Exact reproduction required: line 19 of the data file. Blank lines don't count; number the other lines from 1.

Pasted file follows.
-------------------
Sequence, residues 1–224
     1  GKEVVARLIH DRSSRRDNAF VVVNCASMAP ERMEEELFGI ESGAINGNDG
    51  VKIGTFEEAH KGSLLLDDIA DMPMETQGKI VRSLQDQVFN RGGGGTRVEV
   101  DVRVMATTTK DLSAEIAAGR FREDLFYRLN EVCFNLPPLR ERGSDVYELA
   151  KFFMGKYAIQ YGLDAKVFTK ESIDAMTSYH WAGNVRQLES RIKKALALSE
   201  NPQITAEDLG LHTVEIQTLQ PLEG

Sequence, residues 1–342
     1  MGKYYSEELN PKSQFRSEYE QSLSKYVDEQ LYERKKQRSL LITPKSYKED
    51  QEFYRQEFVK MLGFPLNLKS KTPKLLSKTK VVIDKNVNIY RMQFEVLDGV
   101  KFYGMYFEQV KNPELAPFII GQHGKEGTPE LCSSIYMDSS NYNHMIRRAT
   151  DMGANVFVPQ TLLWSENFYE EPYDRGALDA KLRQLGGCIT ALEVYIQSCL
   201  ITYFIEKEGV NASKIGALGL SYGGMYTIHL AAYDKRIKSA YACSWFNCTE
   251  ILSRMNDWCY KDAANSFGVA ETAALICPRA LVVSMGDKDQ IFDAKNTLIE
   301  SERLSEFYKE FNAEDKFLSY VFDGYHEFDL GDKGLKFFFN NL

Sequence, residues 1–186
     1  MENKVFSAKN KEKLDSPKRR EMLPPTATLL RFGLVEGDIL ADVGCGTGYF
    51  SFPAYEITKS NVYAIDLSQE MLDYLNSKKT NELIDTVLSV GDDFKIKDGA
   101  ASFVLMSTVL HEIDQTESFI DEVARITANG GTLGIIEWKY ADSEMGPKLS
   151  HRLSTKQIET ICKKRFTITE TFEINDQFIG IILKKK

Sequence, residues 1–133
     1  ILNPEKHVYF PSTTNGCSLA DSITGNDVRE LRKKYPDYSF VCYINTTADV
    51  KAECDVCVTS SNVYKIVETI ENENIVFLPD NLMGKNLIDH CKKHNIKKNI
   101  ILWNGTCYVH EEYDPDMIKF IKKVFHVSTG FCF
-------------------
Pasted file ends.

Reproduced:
   151  HRLSTKQIET ICKKRFTITE TFEINDQFIG IILKKK